Judge Emmett is right, we’ve been comfortable with the idea that our revenues always grow. One of the inevitable consequences of that is the clamoring for tax cuts by irresponsible financial stewards like Bacarisse and Bettencourt, who don’t take seriously the idea that it wouldn’t take much of a decline in rate of that growth – never mind an actual leveling off, or some negative growth – to have a devastating effect on the budget. Maybe they didn’t think it could happen, I don’t know. What I do know is that nobody is going to call for that one cent reduction to be rolled back, because we just don’t do that sort of thing. I can only hope the next time someone calls for an equally irresponsible reduction in the tax rate on the grounds that whatever rate of growth we’re experiencing will be how it is forever, we remember what happened the last time we did that.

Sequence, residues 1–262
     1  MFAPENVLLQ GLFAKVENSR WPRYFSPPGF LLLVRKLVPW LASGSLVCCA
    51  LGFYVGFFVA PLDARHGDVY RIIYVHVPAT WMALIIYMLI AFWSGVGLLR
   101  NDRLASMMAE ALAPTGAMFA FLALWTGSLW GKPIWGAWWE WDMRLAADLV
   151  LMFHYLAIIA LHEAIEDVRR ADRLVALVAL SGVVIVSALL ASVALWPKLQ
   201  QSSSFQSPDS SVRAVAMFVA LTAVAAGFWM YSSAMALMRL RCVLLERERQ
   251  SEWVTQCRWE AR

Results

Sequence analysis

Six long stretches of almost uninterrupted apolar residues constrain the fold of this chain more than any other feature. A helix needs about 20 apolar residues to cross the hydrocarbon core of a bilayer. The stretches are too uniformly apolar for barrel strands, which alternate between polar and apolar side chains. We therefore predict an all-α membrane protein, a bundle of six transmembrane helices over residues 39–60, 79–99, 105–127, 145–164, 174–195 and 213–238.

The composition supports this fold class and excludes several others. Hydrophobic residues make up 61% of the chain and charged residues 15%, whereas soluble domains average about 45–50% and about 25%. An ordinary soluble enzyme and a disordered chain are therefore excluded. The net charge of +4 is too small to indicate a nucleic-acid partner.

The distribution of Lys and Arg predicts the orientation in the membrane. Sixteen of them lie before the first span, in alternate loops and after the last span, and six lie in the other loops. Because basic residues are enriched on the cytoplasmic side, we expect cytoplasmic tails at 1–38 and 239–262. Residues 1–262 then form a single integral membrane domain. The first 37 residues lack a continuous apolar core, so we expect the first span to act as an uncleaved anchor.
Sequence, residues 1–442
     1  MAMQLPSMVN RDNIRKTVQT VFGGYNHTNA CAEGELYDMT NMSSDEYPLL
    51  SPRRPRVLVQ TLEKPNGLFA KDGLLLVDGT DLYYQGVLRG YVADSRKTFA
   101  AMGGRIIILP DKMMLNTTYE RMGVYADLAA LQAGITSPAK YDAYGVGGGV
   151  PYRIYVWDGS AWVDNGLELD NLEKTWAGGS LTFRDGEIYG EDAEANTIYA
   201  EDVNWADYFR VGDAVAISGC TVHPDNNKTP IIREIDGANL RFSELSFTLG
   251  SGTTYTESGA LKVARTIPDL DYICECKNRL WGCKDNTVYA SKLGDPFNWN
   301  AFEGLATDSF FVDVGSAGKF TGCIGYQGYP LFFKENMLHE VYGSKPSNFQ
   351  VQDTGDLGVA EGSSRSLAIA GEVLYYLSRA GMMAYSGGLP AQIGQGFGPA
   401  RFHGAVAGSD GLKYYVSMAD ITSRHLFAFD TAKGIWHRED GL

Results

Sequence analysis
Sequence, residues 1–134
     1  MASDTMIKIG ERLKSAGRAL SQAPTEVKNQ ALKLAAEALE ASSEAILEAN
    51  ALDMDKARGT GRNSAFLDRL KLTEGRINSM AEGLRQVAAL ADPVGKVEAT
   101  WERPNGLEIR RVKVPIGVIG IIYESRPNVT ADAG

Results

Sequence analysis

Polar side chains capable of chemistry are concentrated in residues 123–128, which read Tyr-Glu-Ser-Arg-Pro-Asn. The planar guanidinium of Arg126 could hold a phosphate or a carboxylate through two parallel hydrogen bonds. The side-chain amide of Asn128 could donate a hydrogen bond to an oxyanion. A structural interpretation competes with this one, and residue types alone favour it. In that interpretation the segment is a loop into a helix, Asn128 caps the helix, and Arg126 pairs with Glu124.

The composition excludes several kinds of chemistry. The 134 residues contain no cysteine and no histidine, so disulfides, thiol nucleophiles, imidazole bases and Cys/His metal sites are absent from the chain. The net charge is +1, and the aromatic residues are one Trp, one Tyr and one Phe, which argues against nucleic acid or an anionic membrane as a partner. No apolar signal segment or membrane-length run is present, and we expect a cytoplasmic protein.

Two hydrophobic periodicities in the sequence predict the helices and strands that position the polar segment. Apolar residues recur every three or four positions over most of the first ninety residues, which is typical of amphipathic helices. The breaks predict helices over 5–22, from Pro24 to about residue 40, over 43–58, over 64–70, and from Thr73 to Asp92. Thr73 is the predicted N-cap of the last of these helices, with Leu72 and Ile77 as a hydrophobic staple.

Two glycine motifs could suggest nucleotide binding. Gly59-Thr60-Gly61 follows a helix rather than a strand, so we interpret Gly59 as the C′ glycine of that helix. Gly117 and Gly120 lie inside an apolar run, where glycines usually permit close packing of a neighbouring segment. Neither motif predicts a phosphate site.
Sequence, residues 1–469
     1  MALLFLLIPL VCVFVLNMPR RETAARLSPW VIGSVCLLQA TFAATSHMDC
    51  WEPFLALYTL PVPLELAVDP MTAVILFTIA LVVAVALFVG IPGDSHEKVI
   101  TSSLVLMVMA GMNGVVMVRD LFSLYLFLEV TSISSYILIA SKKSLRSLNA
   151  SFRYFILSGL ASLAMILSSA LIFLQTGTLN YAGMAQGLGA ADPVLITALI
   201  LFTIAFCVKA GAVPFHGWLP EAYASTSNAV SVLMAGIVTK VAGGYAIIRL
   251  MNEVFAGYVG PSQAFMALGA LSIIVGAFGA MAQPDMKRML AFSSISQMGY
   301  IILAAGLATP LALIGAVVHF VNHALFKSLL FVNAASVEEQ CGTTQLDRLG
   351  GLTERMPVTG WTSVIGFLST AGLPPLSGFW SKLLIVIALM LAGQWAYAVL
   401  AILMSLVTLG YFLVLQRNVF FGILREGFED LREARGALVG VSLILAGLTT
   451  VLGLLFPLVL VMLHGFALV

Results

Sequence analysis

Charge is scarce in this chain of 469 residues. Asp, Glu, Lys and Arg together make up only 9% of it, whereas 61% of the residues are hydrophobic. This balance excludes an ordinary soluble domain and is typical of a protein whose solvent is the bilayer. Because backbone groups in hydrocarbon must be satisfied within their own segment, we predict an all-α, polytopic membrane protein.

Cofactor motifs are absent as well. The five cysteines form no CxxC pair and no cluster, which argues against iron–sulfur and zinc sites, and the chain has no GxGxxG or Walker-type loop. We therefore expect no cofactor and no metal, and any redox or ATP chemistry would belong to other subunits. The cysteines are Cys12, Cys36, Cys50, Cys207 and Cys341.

Bacarisse, too

Rick Casey jumps on the Ed Johnson bandwagon, and he starts off with the information that former District Clerk Charles Bacarisse was doing the same kind of moonlighting as Johnson was.

Bacarisse hired out as a $4,500-a-month consultant to a courier service and a company that served court papers on parents who failed to make child-support payments.

Apparently, the $135,000 a year we paid him wasn’t enough.

Bacarisse said there was nothing unethical about the arrangement, but a competing process server said she had turned down his offer (for a price) to help her by recommending her to lawyers who need those services.

He denied it, but the sense lingered that we had a district clerk who was on the take.

I have more sympathy for Ed Johnson. He has to get by on the $85,092 we taxpayers give him as associate voter registrar at the Harris County Tax Assessor-Collector’s Office.

I’m sure this was public knowledge at some point, but I either never saw it or I’d forgotten it. If nothing else, you’d think that the extra money on top of the taxpayer-funded salary would be enough to frost a lot of people. I mean, $54K a year ($4,500 a month) is a pretty decent income, especially for what was surely part-time work. A similar arrangement in the private sector would likely be grounds for termination.